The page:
When Sony says "no wires," it means no wires. The company's MDRZX550BN headphones ($114) are completely wireless, meaning there's no audio cable to be found. Definitive design choices aside, the on-ear cans offer good sound quality with relatively quiet ambient noise-cancelling technology and 16 hours of battery life. They're not flashy, but they get the job done for a price even the most frugal shoppers can support.
With its palette of black and gray plastic, the MDRZX550BN (we'll call them "the MDR" for short from this point forward) won't stand out in a crowded headphone market. The headband and its corresponding sliders are made from a sturdy yet unremarkable black, matte plastic. The gray, semi-glossy plastic ear caps, which are lined with supple faux leather and resemble a pair of mini doughnuts, are only slightly more interesting.
Overall, the look is stately and clean, but ultimately uninteresting. I would have been happier if Sony had sent over the vivid-blue version, but reviewers can't be choosers, it seems.
Because these are wireless headphones, Sony has strategically placed buttons, ports and sliders around the circumference of the ear caps. For example, you'll find the micro-USB port at the bottom of the right ear cap, with a multifunction slider that features controls for play/pause and skipping tracks forward and backward. The power and volume buttons wrap around the side of the cap, with another button for answering calls stashed away at the top.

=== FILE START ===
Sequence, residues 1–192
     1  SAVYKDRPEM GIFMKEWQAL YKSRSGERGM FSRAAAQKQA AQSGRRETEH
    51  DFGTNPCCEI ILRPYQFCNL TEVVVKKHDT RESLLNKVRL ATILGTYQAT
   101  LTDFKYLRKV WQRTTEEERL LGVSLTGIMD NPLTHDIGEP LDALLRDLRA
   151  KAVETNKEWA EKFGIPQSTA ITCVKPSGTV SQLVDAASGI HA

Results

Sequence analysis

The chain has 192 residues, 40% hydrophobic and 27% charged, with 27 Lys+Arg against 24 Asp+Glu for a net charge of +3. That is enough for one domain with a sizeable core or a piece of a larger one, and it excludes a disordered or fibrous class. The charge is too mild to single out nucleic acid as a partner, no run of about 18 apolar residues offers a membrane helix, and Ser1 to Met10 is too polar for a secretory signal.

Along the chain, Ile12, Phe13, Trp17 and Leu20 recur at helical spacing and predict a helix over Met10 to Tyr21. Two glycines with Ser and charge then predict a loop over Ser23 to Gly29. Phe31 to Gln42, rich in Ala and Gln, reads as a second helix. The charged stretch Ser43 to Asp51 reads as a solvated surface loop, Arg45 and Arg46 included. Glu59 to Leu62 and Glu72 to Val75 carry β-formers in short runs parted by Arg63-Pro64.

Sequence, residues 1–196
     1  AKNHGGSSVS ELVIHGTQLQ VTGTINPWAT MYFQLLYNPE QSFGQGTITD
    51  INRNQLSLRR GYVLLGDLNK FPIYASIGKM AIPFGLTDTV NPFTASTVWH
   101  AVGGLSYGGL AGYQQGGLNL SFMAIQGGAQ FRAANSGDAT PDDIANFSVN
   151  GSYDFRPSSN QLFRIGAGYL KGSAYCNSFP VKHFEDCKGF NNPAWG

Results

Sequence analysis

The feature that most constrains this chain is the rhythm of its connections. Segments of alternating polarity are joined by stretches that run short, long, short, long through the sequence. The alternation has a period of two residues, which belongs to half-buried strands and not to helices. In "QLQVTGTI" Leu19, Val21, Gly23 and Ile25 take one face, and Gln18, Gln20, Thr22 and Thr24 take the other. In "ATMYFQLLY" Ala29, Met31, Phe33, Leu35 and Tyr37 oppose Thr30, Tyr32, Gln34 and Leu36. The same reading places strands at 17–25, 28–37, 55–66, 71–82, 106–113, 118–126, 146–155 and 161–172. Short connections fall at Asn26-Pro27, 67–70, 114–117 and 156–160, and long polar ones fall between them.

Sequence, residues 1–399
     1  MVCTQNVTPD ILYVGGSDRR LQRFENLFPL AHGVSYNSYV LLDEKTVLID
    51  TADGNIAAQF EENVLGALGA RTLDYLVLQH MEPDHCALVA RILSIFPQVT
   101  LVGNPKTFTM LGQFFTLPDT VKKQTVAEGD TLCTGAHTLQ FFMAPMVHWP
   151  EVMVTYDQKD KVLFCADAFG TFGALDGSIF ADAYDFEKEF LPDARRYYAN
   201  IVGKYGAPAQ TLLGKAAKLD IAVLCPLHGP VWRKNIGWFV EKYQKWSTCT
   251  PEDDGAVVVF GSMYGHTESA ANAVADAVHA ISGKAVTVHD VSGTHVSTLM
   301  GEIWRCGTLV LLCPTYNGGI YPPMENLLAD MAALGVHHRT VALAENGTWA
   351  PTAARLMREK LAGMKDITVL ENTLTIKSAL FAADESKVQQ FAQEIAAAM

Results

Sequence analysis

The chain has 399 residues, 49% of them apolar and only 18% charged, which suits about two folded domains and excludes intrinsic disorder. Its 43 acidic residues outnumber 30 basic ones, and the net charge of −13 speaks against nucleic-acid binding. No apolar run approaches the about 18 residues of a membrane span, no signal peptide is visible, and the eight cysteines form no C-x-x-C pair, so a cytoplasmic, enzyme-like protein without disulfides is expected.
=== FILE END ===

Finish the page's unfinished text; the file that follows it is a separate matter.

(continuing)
The left ear cap is pretty bare by comparison, as it has only an ambient noise cancelling (ANC) control and an embedded NFC chip. I was a bit surprised to discover that the cans are completely wireless, meaning there's no port for an audio cable.
Both ear cups have a rotating pivot that lets you lay them flat for easy storage and portability.
The MDR are superlight, thanks to all that plastic; they weigh in at a dainty 5.9 ounces. At 7.9 ounces, the Polk Audio Hinge Wireless headphones aren't much heavier, but there's a noticeable difference in heft between the two.
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The other standout distinction is the comfort level. The MDR's doughnut-shaped cups, filled with cushy memory foam, pressed firmly against my ears. The pressure was evenly distributed across my freakishly tiny ears, allowing me to rock the cans for close to 2 hours without any complaints. I wish I could have said the same for the Hinge Wireless, which pinched the top of my ears while simultaneously feeling slightly loose on the bottom.
My only real complaint about the MDR is that my ears became sweaty after about 15 minutes of wearing them outdoors. However, this is a problem most on- and over-ear headphones face in the summer months.
The MDR serve up a plethora of buttons and sliders for you to play with. There's a small learning curve when you first begin manipulating them and memorizing button placement. However, I was switching tracks, answering calls and adjusting volume like a pro after an hour. Best of all, the controls are compatible with Android, iOS and Windows Phone.
I preferred this setup to the clunky Hinge Wireless' button-dial combo. I ran into difficulty pairing Polk's headphones, because the controls would misinterpret my attempts to connect the cans to my phone. In several instances, the Hinge headphones shut off, even after I held the button for the instructed 3 to 4 seconds to initiate pairing.
I appreciate Polk Audio's attempt to streamline the ways you interact with your headphones. However, in this case, less isn't more — or better.
Ambient noise cancelling
The MDR's ambient noise cancelling is effective in shutting out most ambient noise in a relatively quiet fashion. Once I flipped the switch, otherwise boisterous office chatter was muted to a tolerable whisper.